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This Is It: Last Thoughts Before SCOTUS Speaks on Healthcare

Today's the day: the Supreme Court is mere hours away from issuing its most consequential ruling since Roe v. Wade. The Affordable Care Act is on the chopping block, so to get the blood flowing, here's a rundown of some popular theories for how the whole thing will play out. And for heaven's sake, if you don't have SCOTUSBlog open in the next tab, by all means, click here and join the madness.


First things first, there's very little doubt that Chief Justice John Roberts will author the Court's opinion. Given his hostile questioning during oral proceedings, there's certainly an indication that this means the opinion will swing 5-4 against the mandate. Don't get too excited, though: this doesn't totally ensure the law is history. Indeed, some speculate that his position as CJ means he might side with the liberal wing of the Court so that he can exercise his prerogative to author the opinion, thereby narrowing its scope. If that were the case, although the law would be upheld 6-3, Roberts would have the opportunity to tailor the outcome in a manner he found somewhat palatable.

On the other hand, RealClearPolitics' analyst Sean Trende presents a case for why the CJ wouldn't feel the need to supersede the most senior justice on the liberal side:

Absent Roberts, the most senior justice in a majority to uphold the law -- who would presumably assign himself the opinion -- would be Kennedy. But Kennedy is actually fairly conservative on federalism issues. He joined the opinion of the court in United States v. Lopez and United States v. Morrison, two critical Commerce Clause cases. Even if he wanted to uphold the health care law in its entirety, it’s unlikely he would write an opinion that would set the stage for overruling those other decisions.

In other words, Kennedy would likely keep the Court's opinion within bounds acceptable to Roberts; but of course, Kennedy already authored a major opinion for a controversial case this term, with Arizona on Monday. It's highly unlikely he'd also take on healthcare, too. Thus, if Trende's observation holds true, conservatives are warranted some cautious hope about the healthcare ruling -- emphasis, of course, on cautious.


Trende has another observation, which I haven't seen elsewhere, regarding how the decision will go based on Justice Scalia's dissenting Arizona opinion. This time, however, he doesn't see the outcome favoring the conservative position:

In 2000, a co-worker of mine who had clerked for Scalia pointed to this gratuitous concurrence in NFTC v. Crosby as a sign of future losses for conservatives. Sure enough, bad losses followed in the partial-birth abortion decision and a major school prayer case.

Since then, I have noticed that Scalia’s opinions do, in fact, become more caustic when things aren’t going well for conservatives. So it seems noteworthy that his scathing dissent in Arizona v. United States dwelled at length on the erosion of state sovereignty, which is really at the core of the conservative argument against the individual mandate. Is this a sign of his frustration with the way things are going on the health care law?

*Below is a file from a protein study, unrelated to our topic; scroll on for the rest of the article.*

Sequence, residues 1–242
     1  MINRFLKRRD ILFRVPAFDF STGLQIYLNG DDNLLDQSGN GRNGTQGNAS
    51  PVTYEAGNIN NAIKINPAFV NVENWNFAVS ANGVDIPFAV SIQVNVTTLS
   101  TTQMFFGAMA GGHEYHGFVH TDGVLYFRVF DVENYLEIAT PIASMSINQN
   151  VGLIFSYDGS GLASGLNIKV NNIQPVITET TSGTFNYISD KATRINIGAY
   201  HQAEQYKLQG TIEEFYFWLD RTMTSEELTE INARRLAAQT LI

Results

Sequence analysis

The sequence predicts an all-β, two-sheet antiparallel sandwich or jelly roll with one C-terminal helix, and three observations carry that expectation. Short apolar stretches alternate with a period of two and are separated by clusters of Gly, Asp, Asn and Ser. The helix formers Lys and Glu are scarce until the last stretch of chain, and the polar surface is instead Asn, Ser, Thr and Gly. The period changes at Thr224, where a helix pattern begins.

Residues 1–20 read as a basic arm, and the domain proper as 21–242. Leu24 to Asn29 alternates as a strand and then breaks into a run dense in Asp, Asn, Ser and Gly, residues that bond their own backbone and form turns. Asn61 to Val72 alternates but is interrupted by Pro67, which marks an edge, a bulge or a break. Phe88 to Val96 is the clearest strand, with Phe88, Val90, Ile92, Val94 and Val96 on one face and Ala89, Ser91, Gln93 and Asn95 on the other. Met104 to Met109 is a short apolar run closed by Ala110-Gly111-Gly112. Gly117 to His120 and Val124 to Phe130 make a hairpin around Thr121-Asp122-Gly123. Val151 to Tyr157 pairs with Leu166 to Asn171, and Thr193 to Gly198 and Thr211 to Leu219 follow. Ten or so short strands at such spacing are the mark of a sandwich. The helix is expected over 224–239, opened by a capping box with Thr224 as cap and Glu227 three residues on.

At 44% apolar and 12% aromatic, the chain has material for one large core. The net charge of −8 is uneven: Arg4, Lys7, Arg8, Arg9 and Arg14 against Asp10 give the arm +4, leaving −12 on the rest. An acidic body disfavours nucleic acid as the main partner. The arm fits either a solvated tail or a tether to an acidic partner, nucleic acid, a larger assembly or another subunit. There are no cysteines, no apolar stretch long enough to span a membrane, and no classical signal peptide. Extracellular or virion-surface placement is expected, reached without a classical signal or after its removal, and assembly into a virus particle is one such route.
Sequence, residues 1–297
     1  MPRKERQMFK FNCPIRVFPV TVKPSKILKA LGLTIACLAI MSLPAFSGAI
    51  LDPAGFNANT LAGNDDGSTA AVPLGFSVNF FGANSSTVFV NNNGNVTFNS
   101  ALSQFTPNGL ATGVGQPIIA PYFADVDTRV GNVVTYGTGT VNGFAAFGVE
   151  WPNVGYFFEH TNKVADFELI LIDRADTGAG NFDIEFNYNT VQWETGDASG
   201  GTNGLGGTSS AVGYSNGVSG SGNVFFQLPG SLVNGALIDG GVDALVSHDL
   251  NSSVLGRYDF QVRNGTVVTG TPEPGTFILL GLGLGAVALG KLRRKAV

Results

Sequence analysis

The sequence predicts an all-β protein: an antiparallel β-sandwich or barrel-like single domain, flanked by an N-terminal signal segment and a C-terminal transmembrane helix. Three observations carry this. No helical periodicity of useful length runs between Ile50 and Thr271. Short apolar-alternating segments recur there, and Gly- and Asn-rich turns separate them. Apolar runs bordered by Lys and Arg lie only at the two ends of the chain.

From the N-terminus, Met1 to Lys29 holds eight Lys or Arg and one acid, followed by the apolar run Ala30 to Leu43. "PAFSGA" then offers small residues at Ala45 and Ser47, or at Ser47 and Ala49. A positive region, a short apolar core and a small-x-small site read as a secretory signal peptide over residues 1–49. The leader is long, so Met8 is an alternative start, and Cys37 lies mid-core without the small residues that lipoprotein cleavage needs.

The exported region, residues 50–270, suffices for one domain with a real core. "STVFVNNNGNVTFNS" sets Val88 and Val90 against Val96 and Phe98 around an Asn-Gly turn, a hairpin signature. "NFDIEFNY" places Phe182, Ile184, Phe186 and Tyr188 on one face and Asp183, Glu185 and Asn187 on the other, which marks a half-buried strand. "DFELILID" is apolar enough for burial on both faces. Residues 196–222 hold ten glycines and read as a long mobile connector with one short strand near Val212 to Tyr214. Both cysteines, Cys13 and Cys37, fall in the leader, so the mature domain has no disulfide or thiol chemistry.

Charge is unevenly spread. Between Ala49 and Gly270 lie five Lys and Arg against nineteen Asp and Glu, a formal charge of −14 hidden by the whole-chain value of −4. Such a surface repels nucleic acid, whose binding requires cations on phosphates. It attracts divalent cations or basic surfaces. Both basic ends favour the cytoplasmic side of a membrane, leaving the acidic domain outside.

Now, that sentence I bolded gave me pause. Indeed, Scalia's dissent was a blistering defense of federalism, and that is one of the major issues at hand in the healthcare cases, but less so for the mandate than for the Medicaid issue. Federalism takes a backseat to the commerce power in regards to the mandate. But recall, the final question the Court addressed pertained to whether Medicaid expansion constituted impermissible coersion of the states.

The conservative position -- to which Scalia undoubtedly subscribes -- would hold that it does. The chance that Medicaid would come down for conservatives was slim from the outset, anyway. Perhaps I'm overly optimistic, but I'm more inclined to believe that Scalia's withering dissent, and its central theme, hints at how the that issue shook out, rather than the mandate.


As for the ruling itself, my favorite theory predicts a split ruling, 2-3-4, against the mandate, but not the whole law. How does this work? Jennifer Haberkorn at POLITICO has a succinct breakdown:

The three most conservative justices could argue that the whole law should come down with the mandate. The four liberal justices could say that the whole remainder of the law should remain in place. And two justices could say that the mandate and insurance reforms should fall. In that case, the four justices would have the most votes, but they wouldn’t have a majority.

So the coalition of three and two justices would essentially combine, and the least common denominator — striking the mandate and insurance reforms — would be the law of the land.

This fits with the character of each justice. There's no question that the liberals will all vote in favor of keeping everything -- anything less would be, frankly, mindblowing. The five more conservative justices, however, differ in scale. Alito, Thomas, and Scalia trend farther right than either Roberts or Kennedy. Roberts made a point in his confirmation hearings of emphasizing judicial restraint. Kennedy made frequent mention during argument of his ambivalence toward putting words in Congress' mouth and throwing out the whole law if they meant for some of it to stay. Both men, however, were highly critical of the mandate, and if the CJ is to write the opinion -- and the theory that he wouldn't overrule Kennedy on the matter holds -- then it seems likely that the mandate will fall.


No matter the mostly-baseless speculation, however, whatever ruling the Court issues tomorrow will undoubtedly have far-reaching effects on the scope of Congress' power, the entire medical industry, and of course, the election this November. Stay tuned for further coverage as the ruling comes down...

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